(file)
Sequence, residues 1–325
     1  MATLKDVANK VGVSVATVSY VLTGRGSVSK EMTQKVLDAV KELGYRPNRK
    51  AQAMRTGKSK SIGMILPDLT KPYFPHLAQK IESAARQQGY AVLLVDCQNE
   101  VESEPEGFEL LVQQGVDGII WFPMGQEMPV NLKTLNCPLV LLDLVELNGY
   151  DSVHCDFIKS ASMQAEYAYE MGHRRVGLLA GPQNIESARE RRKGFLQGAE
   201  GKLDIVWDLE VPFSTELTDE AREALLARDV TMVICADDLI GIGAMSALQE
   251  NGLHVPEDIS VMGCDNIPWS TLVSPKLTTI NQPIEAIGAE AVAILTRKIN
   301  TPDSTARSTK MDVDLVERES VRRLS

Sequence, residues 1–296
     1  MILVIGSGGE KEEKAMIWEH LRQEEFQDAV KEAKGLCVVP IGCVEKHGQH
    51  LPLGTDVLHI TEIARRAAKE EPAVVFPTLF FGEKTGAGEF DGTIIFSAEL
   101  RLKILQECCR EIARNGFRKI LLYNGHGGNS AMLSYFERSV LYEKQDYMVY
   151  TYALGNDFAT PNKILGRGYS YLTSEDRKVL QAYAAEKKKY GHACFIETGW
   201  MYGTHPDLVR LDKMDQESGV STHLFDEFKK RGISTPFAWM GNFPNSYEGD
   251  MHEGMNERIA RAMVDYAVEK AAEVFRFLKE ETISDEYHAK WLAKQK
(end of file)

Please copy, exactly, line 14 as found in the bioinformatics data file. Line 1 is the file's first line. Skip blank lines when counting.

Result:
   201  MYGTHPDLVR LDKMDQESGV STHLFDEFKK RGISTPFAWM GNFPNSYEGD